Former Virginia governor Robert F. McDonnell pauses as he addresses reporters after his sentencing hearing in Richmond on Jan. 6. (Jay Westcott/Reuters)

Former Virginia governor Robert F. McDonnell will avoid prison while the U.S. Supreme Court considers whether to review his conviction on corruption charges, the justices decided Monday.

The one-paragraph order was a dramatic — perhaps unprecedented — reprieve for the Republican former governor, who lost a lower-court appeal and who would have had to begin serving a two-year prison sentence without the Supreme Court’s intervention.

As is customary in granting a stay, the court did not explain its reasoning; none of the justices signaled disagreement.

But the action greatly increases the chances that the court will consider McDonnell’s argument that he did not cross the line from doing routine political favors for a constituent and friend to corruptly using the power of his office to aid a man who befriended the McDonnell family.

McDonnell and his wife, Maureen, were convicted nearly a year ago of public corruption for lending the prestige of the governor’s office to Richmond businessman Jonnie R. Williams Sr. in exchange for $177,000 in loans, vacations and luxury goods. The former governor was sentenced to two years in prison; Maureen McDonnell received a year and a day.

Both, though, were allowed out on bond with their appeals pending. The former governor’s conviction was upheld by a unanimous panel of the U.S. Court of Appeals for the 4th Circuit, and that court said he could not stay out of prison while asking the Supreme Court to hear his case.

McDonnell said in a statement: “I am grateful for the Supreme Court decision today and thank Almighty God for His protection and provision for me and my family.”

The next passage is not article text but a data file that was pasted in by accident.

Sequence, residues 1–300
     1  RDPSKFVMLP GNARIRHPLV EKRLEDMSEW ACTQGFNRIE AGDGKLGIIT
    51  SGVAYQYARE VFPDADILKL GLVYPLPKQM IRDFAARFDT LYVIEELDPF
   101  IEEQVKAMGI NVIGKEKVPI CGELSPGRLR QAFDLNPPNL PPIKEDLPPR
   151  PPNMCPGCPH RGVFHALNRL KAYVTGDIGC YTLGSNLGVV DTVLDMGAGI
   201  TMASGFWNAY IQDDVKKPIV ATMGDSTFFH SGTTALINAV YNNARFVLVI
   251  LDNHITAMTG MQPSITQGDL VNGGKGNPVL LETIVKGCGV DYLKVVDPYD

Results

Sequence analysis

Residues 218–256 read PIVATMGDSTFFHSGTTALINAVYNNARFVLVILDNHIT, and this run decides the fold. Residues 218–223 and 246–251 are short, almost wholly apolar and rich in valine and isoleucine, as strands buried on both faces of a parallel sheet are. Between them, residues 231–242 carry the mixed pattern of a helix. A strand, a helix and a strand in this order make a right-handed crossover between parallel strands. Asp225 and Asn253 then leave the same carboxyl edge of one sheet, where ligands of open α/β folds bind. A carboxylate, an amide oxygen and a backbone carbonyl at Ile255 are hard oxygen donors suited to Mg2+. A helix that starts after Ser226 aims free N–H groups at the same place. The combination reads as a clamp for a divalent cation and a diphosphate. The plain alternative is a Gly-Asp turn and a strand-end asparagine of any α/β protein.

McDonnell’s attorneys argued that Virginia’s 71st governor “may well complete his 2-year prison sentence” before the justices rendered a decision on his petition to have the conviction overturned. It would be wrong, they said, if he were to later “have the critical legal premise for the conviction invalidated, or the fundamental unfairness of the trial confirmed.”

“A 24-month sentence is a 24-month sentence, whether it begins in August 2015 or March 2016,” they told the court.

A stay request requires the court to find a “reasonable probability” that it will accept the case and a “fair prospect” that a majority would overturn the lower court’s decision.

When the court considers McDonnell’s petition later this year, it would require the consent of four of the nine justices to schedule the case for a full briefing and oral arguments. There is time for them to accept and decide the case in the court term that will begin in October.

McDonnell assembled a powerful coalition of people to protest his conviction, including former officials of Democratic and Republican presidential administrations, former prosecutors and a bipartisan group of 44 former state attorneys general.

The former governor’s case presented the justices with a chance to define the line “separating lawful politics from criminal corruption,” his attorneys said.